It's almost enough to make patients stay away from hospitals altogether.
Classen's numbers are even worse than those released last November by the U.S. Office of Inspector General, which said 13.5% of hospitalized Medicare beneficiaries experienced one or more adverse events during their stay, according to a sample of all Medicare discharges in October, 2008. "An estimated 1.5% experienced an event that contributed to their deaths, which projects to 15,000 patients in a single month," the report said.
Classen tells me that the GTT isn't used in part because hospitals don't know about it, – it's still very new – but also because it's expensive. To use the GTT tool meaningfully requires at least one senior clinical, highly trained professional (at a cost of about $100 an hour) to spend about 150 hours going through a representative sample of about 10% of a typical hospital's 3,000 discharge charts each month.
Also, he says, many hospitals think that the way they're currently tracking adverse events does the job quite adequately.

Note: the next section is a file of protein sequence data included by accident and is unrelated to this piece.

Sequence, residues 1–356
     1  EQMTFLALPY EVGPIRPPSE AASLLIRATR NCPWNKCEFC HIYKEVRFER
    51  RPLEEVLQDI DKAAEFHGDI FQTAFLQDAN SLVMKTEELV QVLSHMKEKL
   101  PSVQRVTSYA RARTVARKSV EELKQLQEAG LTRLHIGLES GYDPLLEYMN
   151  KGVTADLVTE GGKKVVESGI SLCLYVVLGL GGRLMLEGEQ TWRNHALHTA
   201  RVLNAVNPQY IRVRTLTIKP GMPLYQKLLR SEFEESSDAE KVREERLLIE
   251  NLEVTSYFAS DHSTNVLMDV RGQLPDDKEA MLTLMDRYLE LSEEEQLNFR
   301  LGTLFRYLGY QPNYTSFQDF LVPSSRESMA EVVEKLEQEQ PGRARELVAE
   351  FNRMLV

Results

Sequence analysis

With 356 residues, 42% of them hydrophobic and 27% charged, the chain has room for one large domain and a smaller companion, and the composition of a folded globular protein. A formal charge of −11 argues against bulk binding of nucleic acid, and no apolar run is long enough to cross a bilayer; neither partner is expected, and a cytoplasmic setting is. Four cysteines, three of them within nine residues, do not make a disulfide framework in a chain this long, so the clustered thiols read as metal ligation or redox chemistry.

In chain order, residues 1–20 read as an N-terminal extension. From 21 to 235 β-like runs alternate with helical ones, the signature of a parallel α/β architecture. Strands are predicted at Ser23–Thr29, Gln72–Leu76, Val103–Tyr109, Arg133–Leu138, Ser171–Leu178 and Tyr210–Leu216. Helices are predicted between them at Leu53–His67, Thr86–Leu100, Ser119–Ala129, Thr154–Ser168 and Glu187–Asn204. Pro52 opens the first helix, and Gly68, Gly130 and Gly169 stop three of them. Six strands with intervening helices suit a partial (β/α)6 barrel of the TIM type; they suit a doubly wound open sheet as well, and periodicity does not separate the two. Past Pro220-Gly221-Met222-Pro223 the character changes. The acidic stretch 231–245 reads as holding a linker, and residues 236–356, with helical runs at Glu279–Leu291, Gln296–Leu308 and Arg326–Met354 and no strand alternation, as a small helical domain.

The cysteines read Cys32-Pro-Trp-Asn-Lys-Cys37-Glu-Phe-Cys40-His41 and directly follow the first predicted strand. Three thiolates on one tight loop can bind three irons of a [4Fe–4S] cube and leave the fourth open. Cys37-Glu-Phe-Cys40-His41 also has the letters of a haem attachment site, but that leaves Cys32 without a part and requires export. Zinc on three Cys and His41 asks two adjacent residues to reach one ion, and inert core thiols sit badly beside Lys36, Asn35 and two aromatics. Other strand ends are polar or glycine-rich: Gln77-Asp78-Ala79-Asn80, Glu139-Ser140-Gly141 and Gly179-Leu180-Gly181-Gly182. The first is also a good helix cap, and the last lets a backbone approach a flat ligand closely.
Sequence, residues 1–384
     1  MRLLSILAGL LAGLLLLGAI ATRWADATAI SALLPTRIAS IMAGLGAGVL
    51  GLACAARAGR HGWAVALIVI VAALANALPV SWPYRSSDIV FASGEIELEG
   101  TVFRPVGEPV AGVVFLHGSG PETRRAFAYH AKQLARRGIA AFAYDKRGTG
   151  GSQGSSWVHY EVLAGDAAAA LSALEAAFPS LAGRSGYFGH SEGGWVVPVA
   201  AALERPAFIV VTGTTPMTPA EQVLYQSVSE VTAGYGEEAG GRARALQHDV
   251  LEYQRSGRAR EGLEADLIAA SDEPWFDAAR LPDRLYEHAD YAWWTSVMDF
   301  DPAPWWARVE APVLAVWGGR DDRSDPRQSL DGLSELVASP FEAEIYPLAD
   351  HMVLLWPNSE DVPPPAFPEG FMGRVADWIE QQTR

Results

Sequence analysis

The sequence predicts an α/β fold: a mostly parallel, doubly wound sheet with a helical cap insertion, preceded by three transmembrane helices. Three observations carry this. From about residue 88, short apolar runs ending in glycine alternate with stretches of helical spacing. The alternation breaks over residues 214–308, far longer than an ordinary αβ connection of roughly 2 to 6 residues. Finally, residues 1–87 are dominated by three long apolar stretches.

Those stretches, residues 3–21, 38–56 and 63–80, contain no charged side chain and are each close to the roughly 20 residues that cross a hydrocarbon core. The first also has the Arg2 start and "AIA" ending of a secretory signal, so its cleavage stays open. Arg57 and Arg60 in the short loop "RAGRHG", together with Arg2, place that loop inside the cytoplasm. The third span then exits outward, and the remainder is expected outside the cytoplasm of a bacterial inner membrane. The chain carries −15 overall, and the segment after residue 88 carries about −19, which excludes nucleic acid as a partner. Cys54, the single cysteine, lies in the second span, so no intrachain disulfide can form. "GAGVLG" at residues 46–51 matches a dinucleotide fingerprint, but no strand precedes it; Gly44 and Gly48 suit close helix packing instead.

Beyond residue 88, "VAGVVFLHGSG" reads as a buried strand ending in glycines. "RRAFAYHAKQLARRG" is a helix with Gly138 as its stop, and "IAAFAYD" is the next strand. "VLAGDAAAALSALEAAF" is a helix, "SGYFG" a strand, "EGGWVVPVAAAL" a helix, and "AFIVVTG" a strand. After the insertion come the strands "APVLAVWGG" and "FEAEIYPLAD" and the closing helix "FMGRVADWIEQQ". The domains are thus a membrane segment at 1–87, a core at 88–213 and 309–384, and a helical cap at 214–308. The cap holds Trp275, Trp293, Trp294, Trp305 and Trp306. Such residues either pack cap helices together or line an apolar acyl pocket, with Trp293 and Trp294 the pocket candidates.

"It's a learning curve that a lot of places still have to go through," he says.
What's even more worrisome is that Classen says the hospitals selected for this study are already ahead of the curve. They already had extensive patient safety programs and are much further along in their patient safety and adverse event detection journey than other hospitals.
So there are 10 times more harmful medical errors than we knew about, even at the best hospitals.
As if that paper isn't enough to make you worry anew about the quality chasm, another article in the April edition of Health Affairs, by Jill Van Den Bos and colleagues at Milliman's Denver Health practice, estimates the number of hospital adverse events or medical errors resulting in death, is really double what was estimated by the Institute of Medicine's 1999 report, "To Err Is Human" or 44,000 to 98,000 a year.